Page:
Coltrane Motion, a duo comprised of two Ohioans who recently relocated to Chicago, has taken the city by storm with their extremely danceable music and new album Songs About Music. Distorted, delay-laden guitar work by Matt Dennewitz complements the electronic contributions from lead singer/music programming wiz, Michael Bond. The result is music with a lot of character and feeling, despite being created partly through an artificial medium. Don’t miss them Sunday, Jan. 27 at Canopy Club as part of New Sound Sundays.
buzz: How have you found Chicago to be similar or different to your previous residence in Ohio?
Michael Bond of Coltrane Motion: Well, it’s bigger for sure [I grew up in a town of 700.] Musically, it kind of forces you to step your game up a bit, as you’re surrounded by a lot of great bands constantly doing new things.
buzz: Even though Coltrane Motion is a duo, you still have loads of equipment on stage. What do you typically bring along on stage for performances?
Michael: Right now we tour with a Farfisa Mini compact organ, a Korg MS-10 synthesizer, Moog Rogue, Telecaster, laptop and a bag of random noisemakers. Without drums, it all basically comes down to how many vintage keyboards we can stuff in a car trunk.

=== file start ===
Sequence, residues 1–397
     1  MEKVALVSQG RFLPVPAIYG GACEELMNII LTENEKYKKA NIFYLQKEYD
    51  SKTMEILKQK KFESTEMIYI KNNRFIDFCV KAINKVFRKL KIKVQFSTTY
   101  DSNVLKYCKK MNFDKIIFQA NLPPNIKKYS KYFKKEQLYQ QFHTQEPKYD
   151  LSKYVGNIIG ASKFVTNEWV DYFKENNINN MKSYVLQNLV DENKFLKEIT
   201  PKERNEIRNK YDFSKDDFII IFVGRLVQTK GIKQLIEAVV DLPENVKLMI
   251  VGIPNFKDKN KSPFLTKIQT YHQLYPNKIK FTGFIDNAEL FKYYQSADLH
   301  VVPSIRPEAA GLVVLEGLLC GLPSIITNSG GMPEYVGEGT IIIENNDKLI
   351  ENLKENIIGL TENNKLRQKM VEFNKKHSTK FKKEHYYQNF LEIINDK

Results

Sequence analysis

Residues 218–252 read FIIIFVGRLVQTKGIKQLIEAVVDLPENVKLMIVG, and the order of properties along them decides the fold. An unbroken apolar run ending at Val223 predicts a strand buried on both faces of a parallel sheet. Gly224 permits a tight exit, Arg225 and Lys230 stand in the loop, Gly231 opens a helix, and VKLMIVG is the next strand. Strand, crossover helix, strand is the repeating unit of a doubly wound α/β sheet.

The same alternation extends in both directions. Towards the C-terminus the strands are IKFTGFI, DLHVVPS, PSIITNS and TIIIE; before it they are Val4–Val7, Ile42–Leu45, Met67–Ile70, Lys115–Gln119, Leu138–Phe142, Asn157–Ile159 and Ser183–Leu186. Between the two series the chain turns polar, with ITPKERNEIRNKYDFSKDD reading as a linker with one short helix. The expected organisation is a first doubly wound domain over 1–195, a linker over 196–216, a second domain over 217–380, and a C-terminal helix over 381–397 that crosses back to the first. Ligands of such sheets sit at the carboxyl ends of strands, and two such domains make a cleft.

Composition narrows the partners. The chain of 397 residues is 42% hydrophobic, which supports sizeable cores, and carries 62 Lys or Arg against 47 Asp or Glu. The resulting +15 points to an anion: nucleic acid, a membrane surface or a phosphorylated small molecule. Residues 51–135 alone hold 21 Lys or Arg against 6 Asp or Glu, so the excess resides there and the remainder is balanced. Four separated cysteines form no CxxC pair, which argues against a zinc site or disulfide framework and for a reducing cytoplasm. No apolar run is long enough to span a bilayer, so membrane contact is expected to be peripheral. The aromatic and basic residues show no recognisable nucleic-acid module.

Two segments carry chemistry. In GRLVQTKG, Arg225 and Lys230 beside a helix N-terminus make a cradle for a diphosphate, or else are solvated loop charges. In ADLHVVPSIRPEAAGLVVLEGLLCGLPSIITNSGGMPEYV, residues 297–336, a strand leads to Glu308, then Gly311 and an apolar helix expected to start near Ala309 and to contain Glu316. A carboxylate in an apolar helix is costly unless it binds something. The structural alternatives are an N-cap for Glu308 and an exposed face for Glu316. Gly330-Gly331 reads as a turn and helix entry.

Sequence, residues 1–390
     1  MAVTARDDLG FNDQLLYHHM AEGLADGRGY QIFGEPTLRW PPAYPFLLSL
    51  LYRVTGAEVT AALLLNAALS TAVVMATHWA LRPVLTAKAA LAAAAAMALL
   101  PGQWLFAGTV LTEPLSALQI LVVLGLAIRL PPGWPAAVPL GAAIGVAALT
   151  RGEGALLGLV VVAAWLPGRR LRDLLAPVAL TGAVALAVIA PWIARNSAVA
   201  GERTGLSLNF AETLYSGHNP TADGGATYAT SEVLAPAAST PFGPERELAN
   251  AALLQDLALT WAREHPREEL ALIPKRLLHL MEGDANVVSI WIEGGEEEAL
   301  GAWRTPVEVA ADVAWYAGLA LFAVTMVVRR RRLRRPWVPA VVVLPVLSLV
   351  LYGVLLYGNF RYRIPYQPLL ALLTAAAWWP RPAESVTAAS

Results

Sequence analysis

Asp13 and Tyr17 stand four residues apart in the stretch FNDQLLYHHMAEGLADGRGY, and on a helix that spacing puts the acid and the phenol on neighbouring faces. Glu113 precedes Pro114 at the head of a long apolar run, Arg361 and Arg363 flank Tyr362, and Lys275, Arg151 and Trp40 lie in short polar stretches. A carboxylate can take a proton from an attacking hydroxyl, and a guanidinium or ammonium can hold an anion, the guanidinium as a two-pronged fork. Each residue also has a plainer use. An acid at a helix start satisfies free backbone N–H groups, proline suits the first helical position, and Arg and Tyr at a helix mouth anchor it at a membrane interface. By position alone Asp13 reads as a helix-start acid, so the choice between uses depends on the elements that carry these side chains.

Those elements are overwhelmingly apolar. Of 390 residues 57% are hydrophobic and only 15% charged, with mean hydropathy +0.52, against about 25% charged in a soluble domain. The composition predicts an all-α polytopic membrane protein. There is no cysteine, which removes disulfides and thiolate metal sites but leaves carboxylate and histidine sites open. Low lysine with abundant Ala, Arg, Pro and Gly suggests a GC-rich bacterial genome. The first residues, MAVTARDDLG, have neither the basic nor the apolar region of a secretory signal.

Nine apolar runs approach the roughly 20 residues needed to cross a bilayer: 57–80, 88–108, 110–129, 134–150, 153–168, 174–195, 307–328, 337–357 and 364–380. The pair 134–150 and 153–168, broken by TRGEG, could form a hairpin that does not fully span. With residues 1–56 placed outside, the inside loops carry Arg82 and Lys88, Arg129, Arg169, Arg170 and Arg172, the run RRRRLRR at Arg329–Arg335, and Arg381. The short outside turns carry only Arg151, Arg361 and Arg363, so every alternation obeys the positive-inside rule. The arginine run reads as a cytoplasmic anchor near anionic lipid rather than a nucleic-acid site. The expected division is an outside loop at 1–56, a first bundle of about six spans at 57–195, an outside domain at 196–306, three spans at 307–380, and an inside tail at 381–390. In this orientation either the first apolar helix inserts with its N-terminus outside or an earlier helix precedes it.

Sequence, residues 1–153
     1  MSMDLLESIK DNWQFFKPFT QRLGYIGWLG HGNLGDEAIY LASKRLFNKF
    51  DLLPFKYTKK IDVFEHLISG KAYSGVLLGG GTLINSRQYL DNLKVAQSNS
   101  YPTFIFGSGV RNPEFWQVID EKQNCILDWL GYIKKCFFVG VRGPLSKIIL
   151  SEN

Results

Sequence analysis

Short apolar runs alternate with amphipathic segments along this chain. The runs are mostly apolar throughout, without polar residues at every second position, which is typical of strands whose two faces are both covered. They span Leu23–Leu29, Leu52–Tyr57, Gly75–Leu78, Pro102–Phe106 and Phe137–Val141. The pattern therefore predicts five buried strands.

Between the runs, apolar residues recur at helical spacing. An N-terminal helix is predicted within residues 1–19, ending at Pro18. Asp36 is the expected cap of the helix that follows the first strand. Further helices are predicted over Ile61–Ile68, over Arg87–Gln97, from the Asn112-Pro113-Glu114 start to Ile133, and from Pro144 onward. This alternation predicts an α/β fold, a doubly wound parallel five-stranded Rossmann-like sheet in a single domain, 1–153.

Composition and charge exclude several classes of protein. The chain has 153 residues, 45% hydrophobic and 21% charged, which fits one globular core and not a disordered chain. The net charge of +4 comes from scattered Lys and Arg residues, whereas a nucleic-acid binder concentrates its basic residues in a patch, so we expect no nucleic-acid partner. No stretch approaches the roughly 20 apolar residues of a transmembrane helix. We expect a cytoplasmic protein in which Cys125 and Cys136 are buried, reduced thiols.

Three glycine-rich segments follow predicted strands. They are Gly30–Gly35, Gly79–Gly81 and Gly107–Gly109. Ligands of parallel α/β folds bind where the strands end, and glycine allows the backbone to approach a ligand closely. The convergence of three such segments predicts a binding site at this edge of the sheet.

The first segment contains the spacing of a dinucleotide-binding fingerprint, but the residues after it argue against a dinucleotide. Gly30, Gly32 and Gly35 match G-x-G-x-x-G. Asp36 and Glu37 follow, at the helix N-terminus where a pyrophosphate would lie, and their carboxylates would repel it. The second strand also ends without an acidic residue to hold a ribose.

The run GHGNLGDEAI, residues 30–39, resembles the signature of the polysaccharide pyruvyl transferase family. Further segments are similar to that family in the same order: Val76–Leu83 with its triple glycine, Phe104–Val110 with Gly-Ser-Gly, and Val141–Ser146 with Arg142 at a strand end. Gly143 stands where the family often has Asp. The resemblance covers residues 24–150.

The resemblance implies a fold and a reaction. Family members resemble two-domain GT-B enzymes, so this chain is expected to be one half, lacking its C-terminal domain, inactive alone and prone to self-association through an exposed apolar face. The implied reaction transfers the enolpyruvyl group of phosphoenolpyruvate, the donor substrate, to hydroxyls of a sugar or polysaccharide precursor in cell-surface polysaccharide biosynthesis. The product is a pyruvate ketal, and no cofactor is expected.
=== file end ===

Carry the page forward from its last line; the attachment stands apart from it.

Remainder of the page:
buzz: Where is your favorite place to write a song?
Michael: I wrote the bass lines and drums to most of our last album while walking home, which may explain why they all kind of match up to my walking pace, tempo-wise. From there, it ends up being a combination of poring over ProTools for hours at home to get the recordings perfect, then the fun of watching the songs take on a second life on stage. Most of our songs evolve into something a bit more after a week on tour.
buzz: What’s the story behind the name — are you guys jazz fans?
Michael: I like “Giant Steps” as much as the next guy, but it’s got as much to do with jazz as the sheriff from Dukes of Hazzard. The name actually is ’70s slang from a Blaxploitation movie, whose name I forget.
buzz: How much did programming your own synthesizers help you achieve your goal of making this music?
Michael: Well, programming is both of our day jobs, so it kind of overlaps into our nights as well. I really like the overlap with using older analog synths, and then pushing the envelope with what we can do on the laptop live.
Stop by Canopy this Sunday night for New Sound Sundays when Coltrane Motion will be playing with The Dot and The Feather, The Sapiens, Brian Esmao and Claire Stahlecker. Tickets are $5, and the show starts at 9 p.m.